Wells Fargo/Gallup: Most Americans Pessimistic About Investing Now

Overall, optimism among U.S. investors has taken a dive off a “cliff”, with more than half surveyed saying that now “is not a good time” to invest in the markets, according to the quarterly Wells Fargo/Gallup Investor and Retirement Optimism Index.
Optimism has plummeted to -8, down from +16 recorded in July and +24 in May, according to the newest survery done November 9-17, 2012. The dip in sentiment is comparable to the -9 index recorded in November 2011.
Fifty-Nine percent say now “is not a good time” to invest in the markets, an increase from 48 percent recorded in May. Sixty-eight percent say they have “little to no” confidence in the stock market as “a place to invest for retirement.”
Among a list of eight factors, 69 percent of investors ranked the deficit and divided government as the top contributors to “hurting” the investing climate “a lot,” followed by unemployment (67 percent) and the global economic slowdown (63 percent).
Seventy-two percent of investors say it is “somewhat likely” to “very likely” that the automatic tax increases and spending cuts of the “fiscal cliff” will be pushed out six to 12 months to give the President and Congress more time to negotiate.
Seventy percent say the country will go into recession in 2013 if “fiscal cliff” issues are not resolved. Over half of investors (54 percent) say the outcome of the Presidential and Congressional elections have made it “more difficult” to save for retirement.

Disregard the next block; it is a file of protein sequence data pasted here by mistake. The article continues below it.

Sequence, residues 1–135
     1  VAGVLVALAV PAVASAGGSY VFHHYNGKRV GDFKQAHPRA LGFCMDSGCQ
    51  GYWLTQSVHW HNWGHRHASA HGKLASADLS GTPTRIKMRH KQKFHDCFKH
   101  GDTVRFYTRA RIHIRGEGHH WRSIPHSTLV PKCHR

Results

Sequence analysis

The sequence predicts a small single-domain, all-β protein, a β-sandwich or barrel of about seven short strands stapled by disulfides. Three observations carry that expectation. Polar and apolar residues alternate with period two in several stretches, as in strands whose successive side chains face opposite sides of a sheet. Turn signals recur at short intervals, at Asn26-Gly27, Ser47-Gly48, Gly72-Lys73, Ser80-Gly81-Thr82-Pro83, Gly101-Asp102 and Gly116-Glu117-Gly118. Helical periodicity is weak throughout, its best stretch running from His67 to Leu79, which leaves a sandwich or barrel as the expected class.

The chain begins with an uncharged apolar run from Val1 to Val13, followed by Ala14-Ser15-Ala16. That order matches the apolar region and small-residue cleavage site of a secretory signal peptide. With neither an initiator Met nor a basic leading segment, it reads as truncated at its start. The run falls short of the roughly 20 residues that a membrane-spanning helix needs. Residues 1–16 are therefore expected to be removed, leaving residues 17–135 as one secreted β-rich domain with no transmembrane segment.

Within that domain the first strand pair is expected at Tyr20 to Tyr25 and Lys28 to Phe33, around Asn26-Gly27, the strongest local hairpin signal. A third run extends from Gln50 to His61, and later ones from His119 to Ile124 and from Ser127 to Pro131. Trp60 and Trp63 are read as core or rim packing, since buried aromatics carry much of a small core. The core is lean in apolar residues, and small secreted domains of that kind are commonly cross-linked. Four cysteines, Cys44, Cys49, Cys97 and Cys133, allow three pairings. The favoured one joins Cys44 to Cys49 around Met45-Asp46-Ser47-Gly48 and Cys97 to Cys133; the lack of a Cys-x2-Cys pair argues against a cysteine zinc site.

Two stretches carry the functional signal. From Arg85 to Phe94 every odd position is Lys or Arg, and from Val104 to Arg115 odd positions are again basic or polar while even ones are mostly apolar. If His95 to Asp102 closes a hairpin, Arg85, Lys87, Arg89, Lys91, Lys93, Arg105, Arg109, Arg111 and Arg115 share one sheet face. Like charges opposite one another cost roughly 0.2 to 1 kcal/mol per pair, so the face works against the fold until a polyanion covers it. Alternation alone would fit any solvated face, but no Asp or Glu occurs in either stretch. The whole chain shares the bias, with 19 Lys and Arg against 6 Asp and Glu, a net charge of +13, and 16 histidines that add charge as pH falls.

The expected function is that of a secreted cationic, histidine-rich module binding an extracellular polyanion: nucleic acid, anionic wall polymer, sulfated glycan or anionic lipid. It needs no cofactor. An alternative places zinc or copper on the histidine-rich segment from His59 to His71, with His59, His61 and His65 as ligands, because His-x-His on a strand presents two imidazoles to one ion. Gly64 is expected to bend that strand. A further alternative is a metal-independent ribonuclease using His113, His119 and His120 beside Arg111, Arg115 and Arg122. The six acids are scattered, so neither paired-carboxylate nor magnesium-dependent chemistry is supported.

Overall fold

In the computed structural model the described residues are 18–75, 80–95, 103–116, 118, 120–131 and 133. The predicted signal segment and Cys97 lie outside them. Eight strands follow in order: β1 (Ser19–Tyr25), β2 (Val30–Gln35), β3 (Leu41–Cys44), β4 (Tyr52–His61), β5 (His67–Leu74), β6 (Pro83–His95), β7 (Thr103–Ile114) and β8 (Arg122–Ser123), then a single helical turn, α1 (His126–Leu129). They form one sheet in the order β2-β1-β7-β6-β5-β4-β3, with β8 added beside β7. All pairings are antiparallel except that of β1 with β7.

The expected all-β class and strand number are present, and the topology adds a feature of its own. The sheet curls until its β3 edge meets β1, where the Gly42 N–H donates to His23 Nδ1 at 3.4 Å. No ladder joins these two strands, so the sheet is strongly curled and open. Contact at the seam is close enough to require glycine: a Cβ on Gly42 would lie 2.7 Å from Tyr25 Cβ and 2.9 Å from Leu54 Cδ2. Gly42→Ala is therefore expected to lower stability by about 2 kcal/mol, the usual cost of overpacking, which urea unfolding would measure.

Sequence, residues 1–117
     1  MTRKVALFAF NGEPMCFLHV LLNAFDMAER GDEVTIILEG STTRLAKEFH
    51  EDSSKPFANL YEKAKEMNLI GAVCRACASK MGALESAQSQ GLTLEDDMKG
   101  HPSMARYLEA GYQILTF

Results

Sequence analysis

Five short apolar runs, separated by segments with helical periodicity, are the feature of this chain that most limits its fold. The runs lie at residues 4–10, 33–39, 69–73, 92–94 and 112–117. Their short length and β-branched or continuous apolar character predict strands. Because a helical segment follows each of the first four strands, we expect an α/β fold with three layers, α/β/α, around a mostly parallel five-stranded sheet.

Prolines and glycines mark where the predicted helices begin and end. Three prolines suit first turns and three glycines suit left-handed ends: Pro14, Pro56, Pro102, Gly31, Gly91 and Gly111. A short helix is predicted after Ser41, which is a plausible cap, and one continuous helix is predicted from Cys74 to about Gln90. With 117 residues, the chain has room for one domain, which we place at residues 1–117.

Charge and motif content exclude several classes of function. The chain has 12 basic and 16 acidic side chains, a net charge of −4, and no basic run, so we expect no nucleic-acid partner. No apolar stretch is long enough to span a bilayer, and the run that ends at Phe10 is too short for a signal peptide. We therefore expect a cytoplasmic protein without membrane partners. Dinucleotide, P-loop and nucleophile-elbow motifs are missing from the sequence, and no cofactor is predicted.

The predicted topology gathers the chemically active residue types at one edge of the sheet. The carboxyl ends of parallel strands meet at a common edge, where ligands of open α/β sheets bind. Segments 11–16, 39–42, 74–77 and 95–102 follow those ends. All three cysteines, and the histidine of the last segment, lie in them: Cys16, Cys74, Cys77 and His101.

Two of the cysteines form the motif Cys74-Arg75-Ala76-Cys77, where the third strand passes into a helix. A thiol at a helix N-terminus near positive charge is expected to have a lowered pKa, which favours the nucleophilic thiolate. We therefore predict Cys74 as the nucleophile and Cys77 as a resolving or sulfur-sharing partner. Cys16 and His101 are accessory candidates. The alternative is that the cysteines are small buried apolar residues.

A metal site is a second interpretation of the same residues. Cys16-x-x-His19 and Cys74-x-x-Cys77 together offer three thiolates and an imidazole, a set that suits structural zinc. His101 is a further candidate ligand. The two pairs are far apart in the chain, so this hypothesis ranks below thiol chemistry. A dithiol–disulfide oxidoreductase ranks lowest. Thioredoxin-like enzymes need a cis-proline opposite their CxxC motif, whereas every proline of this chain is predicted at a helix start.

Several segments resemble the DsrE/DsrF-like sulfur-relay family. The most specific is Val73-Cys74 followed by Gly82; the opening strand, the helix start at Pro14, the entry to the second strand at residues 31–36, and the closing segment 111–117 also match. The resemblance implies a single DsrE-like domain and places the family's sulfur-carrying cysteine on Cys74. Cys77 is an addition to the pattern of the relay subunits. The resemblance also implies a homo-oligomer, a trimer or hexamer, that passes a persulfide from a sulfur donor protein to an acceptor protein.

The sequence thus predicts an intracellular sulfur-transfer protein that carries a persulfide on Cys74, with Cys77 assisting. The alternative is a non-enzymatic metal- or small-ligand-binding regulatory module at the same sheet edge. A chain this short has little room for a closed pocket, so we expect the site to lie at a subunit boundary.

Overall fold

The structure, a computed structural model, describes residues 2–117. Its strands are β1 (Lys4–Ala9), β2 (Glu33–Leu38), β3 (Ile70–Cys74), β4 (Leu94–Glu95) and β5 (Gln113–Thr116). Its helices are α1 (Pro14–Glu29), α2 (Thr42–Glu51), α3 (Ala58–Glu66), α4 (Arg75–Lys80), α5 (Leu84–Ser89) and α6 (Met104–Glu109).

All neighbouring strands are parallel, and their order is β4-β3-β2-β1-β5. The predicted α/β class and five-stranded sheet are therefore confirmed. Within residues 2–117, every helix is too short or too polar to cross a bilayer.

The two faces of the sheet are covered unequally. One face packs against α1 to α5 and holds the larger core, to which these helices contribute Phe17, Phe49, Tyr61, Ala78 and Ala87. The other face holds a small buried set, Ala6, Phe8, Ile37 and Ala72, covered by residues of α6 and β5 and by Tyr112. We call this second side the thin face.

“No question about the fact there is a gloomy sentiment among investors right now, and it looks like it’s connected to a belief that the elections will result in more Washington gridlock,” said Joe Ready, director of Institutional Retirement and Trust at Wells Fargo. “The fact that 80% of investors say we need a national effort in place to encourage Americans to save is eye opening. Clearly, people want to feel like they have the wind at their backs and the tools to increase savings,”
Despite the gloomy outlook, eight in 10 investors (83 percent) say the 401(k) and similar tax-advantaged accounts are “extremely” important (43 percent) or “very” important (40 percent) to the ability of Americans to retire comfortably in the future.

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